The Tribune - Spectrum


Sunday, October 13, 2002

Rejecting cultural certainties
Shelley Walia

Derrida for Beginners
by Jim Powell. Writers and Readers. Pages 186. $7.99.

Derrida for BeginnersBUCKING the tide of established values and taking a stand by being avant-garde: this has been the intellectual scenario in the cafes of Paris where you do not have to look over your shoulder with self-consciousness on engaging in any radical experiment in art or philosophy or linguistics, taking reading and writing as nothing but subversive political acts.

In the wake of such developments in French literary theory, especially the impact of the Tel Quel, an ultra-Left journal which celebrated Maoism, surrealism and the material qualities of language, the last few decades have witnessed many radical changes in our social and political existence, with traditional ideas and ways of living increasingly being called into question. We are prisoners of our perspectives, which need to be reversed and interrogated. The unity of the human psyche is marked by difference. This has lead to a crisis of authority that goes under the general name of ‘deconstruction’ as coined by Heidegger and made popular by Derrida. The gaps, the inconsistencies and incoherence that deconstruction exposes within the myth of ‘coherence’ and ‘rock bottom reality’ in the systemic and systemic values advocated by the ruling ideology indicate the rituals and discourses of institutions endeavouring to remain at the centre.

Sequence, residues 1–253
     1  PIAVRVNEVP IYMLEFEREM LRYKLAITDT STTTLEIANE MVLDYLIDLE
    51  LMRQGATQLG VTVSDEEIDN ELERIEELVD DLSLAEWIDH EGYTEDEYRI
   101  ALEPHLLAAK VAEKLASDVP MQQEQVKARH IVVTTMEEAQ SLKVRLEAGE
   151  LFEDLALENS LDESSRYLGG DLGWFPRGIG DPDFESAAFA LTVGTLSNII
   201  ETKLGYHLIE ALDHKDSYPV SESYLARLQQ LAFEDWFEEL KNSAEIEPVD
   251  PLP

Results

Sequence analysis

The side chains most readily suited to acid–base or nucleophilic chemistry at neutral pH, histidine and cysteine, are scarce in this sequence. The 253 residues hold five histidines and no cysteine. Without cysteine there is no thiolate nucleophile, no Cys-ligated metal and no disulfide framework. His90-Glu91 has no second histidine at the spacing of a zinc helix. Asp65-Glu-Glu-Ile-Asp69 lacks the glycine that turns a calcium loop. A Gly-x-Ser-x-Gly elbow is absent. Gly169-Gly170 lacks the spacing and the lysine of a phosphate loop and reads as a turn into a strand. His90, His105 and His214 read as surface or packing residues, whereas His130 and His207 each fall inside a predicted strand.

Therefore, in a general sense, Derrida’s view as projected in this book is the rejection of most of the cultural certainties on which life in the West has been structured ever since the Enlightenment. This "Enlightenment project" now stands under scrutiny and suspicion as what it promised in the areas of emancipation of mankind from economic want and political oppression has miserably failed. Lyotard, Braudillard, Foucault join hands with Derrida and Jameson in demolishing this project, laudable though it may have been at one time, but instead came to oppress mankind.